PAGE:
The years of effort I have put into this property are just one of the rewards of living here. Another is the many friendships I’ve
made and wonderful people I’ve met in this close-knit community. Early immigrants came to Vermont Township seeking a
better way of life. Let’s keep it that way.

Bill Hanson (running against Ron Jacobson for Supervisor seat 1):
                                                       My wife Jane and I have lived in the Town of Vermont since 1997. I am
                                                       running for Town of Vermont Supervisor. This is my eighth year on the
                                                       Vermont Town Board and I would ask you to elect me to another term
                                                       on the Vermont Board because there is unfinished business with which
                                                       we need to deal.

                                                       I am a retired Dane County Deputy Sheriff with 27 years of service. I
                                                       have a bachelor’s degree in Criminal Justice and an associate degree in
                                                       Criminal Investigation. Currently, I own a boat repair business
                                                       {Hanson’s Mobile Marine). I have farmed my 72 acres and once raised
                                                       registered Red Angus. We now raise horses because we can lose money
                                                       just as easily doing something we enjoy. We understand the hardships of
                                                       trying to make a living off the land while paying taxes on the farm.

                                                       I have tried to be a voice in holding taxes down so that our residents do
                                                       not have to be taxed out of their homes. I stand for the right of all
                                                       citizens to live as they please as long as they do not hurt others. I am a
                                         V ERMONT’S V OICE
proponent of preserving our rural character while also protecting property rights. We have to understand that we are no longer
an agricultural township and that the land in Vermont is being used less and less for farming and becoming more valuable as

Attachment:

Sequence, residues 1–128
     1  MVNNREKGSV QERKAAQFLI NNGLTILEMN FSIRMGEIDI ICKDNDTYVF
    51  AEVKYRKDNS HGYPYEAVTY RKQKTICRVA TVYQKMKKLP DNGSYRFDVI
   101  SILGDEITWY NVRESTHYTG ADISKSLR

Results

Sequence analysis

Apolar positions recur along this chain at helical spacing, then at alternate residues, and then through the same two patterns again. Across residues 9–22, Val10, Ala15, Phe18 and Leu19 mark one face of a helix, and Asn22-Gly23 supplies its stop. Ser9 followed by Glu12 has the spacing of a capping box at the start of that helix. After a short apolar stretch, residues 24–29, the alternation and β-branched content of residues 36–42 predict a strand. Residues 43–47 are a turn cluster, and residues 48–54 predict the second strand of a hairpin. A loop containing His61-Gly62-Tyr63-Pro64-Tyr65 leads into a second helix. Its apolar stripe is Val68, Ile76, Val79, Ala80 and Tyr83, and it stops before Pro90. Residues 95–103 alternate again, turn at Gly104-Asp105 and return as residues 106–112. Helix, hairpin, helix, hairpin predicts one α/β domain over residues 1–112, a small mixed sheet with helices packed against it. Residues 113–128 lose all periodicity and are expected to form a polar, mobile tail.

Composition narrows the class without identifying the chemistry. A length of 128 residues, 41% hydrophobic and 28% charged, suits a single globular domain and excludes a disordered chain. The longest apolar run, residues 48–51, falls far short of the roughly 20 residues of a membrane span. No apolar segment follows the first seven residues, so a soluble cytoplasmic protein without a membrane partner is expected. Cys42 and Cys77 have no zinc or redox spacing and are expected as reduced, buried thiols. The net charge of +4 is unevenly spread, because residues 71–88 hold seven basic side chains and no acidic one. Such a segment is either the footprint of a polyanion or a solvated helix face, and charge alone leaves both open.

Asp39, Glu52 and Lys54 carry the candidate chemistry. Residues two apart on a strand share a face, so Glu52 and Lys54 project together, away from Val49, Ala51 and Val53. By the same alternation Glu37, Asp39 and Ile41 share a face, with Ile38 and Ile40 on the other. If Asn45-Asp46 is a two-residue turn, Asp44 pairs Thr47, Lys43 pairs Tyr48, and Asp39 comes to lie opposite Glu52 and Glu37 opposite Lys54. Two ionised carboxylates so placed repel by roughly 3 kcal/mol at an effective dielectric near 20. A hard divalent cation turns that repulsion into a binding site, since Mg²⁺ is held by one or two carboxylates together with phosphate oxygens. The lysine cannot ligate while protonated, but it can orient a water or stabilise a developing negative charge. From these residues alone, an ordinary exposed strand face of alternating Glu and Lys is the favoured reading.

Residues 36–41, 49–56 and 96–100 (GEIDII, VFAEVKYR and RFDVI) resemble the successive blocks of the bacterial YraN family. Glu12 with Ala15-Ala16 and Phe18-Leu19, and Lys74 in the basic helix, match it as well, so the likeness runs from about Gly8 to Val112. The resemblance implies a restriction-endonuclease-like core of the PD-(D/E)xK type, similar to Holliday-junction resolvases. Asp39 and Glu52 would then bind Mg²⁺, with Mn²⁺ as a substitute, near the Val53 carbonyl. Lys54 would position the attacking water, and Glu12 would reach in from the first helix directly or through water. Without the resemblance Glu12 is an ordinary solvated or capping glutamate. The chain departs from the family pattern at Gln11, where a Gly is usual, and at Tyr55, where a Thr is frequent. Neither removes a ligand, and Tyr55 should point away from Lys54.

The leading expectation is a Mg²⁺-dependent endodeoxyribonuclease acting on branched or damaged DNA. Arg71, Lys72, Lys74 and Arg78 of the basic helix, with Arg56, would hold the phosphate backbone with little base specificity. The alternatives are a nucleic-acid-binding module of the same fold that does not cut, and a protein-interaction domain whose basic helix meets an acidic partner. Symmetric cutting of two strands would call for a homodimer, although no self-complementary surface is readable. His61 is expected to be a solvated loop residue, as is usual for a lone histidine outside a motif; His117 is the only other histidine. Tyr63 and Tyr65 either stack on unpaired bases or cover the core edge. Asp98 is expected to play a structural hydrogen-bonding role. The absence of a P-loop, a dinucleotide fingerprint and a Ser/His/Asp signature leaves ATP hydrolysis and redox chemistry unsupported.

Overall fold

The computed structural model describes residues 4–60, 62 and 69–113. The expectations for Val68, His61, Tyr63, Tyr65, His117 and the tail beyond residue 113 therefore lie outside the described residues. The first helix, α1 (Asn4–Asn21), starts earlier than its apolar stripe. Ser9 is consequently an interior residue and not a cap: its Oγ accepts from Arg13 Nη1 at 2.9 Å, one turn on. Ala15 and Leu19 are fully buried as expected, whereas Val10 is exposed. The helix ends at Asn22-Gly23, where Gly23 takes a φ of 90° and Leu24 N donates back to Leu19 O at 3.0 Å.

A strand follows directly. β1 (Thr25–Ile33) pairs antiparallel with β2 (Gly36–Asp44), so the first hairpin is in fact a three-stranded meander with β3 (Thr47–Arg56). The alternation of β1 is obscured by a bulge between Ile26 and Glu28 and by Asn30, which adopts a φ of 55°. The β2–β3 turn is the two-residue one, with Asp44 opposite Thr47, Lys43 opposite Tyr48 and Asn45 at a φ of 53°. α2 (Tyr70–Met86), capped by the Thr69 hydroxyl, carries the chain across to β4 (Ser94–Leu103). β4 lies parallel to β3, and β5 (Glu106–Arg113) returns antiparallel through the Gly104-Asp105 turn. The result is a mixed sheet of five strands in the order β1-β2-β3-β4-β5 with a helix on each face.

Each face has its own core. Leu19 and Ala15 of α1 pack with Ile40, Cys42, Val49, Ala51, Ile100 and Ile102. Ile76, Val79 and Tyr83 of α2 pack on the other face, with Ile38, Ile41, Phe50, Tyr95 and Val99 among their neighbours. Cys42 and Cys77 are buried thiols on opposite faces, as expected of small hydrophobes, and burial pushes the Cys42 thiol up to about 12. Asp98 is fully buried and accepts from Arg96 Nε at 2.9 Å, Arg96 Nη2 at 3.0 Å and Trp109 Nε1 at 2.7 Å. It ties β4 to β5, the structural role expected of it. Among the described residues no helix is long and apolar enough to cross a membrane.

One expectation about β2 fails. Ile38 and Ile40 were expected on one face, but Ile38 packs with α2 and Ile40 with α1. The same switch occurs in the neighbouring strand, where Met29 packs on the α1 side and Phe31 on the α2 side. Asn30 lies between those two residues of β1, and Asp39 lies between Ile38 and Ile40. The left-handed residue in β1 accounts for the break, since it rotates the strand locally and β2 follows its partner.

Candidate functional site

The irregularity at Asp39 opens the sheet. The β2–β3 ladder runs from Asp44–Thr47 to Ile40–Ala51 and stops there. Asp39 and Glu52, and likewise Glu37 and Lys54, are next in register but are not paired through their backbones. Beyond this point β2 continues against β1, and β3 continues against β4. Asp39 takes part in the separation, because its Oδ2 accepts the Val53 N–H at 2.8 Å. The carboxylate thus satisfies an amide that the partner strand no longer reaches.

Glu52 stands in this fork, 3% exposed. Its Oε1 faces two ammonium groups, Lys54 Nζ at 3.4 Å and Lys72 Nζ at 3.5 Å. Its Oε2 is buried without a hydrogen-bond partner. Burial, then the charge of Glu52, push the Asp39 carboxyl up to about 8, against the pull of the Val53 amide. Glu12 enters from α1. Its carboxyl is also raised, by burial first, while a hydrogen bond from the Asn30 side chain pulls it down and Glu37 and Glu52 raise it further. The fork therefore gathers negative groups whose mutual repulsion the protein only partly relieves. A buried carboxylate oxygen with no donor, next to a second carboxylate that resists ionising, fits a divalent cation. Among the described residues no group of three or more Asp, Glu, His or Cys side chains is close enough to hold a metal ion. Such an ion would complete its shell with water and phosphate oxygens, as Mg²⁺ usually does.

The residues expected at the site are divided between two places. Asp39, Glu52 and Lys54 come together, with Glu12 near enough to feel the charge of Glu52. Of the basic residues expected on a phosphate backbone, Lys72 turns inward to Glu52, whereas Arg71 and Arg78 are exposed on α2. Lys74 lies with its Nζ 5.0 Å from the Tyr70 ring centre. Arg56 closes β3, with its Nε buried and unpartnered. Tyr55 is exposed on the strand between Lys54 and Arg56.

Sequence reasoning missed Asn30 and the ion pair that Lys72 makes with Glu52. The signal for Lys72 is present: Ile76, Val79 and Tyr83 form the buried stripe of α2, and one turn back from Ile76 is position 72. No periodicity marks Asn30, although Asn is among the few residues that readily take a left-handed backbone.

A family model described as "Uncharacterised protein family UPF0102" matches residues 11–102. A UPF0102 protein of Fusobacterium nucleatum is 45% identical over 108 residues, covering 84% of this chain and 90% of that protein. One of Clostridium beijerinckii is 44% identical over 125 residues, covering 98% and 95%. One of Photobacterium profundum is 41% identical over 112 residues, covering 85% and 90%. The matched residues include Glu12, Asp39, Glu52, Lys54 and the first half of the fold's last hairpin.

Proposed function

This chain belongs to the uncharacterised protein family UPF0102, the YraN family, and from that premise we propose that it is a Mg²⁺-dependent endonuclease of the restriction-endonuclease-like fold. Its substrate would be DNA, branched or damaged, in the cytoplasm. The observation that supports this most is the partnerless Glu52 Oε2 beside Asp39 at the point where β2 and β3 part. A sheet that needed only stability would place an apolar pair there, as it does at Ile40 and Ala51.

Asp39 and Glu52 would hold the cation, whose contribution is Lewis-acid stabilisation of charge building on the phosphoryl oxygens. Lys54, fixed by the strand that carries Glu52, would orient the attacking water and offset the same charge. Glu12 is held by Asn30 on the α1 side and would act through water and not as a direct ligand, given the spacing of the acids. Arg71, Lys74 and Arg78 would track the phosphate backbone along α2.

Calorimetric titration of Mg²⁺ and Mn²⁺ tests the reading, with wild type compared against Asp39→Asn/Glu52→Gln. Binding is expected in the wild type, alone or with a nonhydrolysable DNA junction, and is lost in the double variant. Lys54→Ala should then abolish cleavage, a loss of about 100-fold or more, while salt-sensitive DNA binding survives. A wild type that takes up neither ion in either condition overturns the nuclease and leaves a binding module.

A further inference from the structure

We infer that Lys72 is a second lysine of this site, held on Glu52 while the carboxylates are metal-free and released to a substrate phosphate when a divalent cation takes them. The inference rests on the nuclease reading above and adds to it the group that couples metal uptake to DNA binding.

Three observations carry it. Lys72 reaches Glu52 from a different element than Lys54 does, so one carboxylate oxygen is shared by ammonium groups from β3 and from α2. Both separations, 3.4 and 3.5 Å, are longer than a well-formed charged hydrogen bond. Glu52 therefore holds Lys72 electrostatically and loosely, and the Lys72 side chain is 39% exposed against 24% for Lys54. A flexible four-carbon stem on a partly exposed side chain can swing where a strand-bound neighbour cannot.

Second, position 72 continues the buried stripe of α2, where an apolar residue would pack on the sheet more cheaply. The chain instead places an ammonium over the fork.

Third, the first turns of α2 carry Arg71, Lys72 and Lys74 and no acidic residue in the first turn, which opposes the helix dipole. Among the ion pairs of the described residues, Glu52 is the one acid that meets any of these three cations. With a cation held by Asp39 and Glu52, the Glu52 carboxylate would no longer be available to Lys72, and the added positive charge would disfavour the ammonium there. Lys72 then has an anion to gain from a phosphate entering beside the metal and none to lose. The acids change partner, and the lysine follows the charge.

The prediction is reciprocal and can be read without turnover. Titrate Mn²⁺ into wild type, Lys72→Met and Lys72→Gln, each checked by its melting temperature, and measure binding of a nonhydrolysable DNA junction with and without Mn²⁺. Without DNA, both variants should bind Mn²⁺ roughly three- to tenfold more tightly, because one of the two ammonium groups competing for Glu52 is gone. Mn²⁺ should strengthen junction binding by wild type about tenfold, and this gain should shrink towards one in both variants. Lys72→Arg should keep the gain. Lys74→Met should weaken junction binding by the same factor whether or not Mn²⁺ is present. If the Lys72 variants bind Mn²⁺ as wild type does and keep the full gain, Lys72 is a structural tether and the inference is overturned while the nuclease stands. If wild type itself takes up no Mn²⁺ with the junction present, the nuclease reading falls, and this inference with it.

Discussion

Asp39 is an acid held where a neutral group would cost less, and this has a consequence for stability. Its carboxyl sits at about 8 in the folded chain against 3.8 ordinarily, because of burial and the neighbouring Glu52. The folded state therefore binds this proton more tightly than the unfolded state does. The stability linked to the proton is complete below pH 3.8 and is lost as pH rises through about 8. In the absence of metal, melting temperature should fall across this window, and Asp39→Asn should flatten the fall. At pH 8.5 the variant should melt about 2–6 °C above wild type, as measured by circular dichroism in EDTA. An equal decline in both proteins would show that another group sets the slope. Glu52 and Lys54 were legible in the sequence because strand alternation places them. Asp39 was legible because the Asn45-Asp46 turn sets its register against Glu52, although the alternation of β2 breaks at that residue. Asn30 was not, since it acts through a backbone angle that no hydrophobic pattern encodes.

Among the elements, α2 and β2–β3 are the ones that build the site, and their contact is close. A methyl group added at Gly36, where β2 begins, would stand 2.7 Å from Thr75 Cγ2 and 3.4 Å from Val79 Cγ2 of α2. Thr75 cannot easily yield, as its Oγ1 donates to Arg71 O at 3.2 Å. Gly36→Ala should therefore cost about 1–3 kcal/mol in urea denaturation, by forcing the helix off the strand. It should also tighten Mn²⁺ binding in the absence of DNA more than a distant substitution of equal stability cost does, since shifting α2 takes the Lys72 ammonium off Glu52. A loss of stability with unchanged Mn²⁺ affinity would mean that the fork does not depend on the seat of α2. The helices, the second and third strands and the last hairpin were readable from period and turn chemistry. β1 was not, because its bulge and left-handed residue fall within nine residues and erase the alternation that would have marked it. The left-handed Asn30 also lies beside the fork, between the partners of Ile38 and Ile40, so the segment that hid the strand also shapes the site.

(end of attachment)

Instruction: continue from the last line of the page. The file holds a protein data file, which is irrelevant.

home sites. Vermont has a great land use plan in effect and it is an invaluable guide for our township’s future, but we need to
develop ordinances and penalties to enforce and protect the plan. I hope to be a part of the ordinance development and

Steve Cowan (running unopposed for Supervisor seat 3):
I want to continue my education in all phases of local government. I want to have more time to work on specific items such as
the Town of Vermont ordinances which have not been revised since 1995. I want the opportunity to help maintain the quality
                                                         of life in the Town of Vermont and keep it one of the few rural
                                                         Towns in Dane County.

                                                        I have been an active member of the Town of Vermont and area for
                                                        over 30 years. I have taught in the Wisconsin Heights School District
                                                        and served 2 terms on the school board. I have been the Town of
                                                        Vermont Chairman for the past 2 years. I try very hard to listen to all
                                                        points of view before taking a particular position. I am a self employed
                                                        remodeling contractor, rental property manager, and raise a few
                                                        animals on my farm.

                                                      I believe education is fundamental to understanding local and world
                                                      views and people. I have three college degrees from UW-Oshkosh,
                                                      UW- Platteville, and UW-Madison. I have taught in High School and